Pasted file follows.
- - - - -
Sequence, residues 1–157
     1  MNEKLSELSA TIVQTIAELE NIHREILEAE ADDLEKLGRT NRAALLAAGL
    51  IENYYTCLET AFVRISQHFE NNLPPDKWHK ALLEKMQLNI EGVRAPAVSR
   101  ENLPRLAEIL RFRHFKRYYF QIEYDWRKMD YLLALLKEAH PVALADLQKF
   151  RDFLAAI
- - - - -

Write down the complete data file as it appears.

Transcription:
Sequence, residues 1–157
     1  MNEKLSELSA TIVQTIAELE NIHREILEAE ADDLEKLGRT NRAALLAAGL
    51  IENYYTCLET AFVRISQHFE NNLPPDKWHK ALLEKMQLNI EGVRAPAVSR
   101  ENLPRLAEIL RFRHFKRYYF QIEYDWRKMD YLLALLKEAH PVALADLQKF
   151  RDFLAAI